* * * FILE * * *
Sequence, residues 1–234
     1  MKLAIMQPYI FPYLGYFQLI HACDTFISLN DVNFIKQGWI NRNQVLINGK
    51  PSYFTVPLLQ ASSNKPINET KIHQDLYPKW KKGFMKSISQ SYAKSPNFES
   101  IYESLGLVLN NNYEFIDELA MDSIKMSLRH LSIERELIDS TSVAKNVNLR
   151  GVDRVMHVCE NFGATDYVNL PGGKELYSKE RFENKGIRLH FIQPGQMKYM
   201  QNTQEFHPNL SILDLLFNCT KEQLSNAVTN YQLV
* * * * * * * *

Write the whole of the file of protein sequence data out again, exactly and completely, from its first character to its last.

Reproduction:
Sequence, residues 1–234
     1  MKLAIMQPYI FPYLGYFQLI HACDTFISLN DVNFIKQGWI NRNQVLINGK
    51  PSYFTVPLLQ ASSNKPINET KIHQDLYPKW KKGFMKSISQ SYAKSPNFES
   101  IYESLGLVLN NNYEFIDELA MDSIKMSLRH LSIERELIDS TSVAKNVNLR
   151  GVDRVMHVCE NFGATDYVNL PGGKELYSKE RFENKGIRLH FIQPGQMKYM
   201  QNTQEFHPNL SILDLLFNCT KEQLSNAVTN YQLV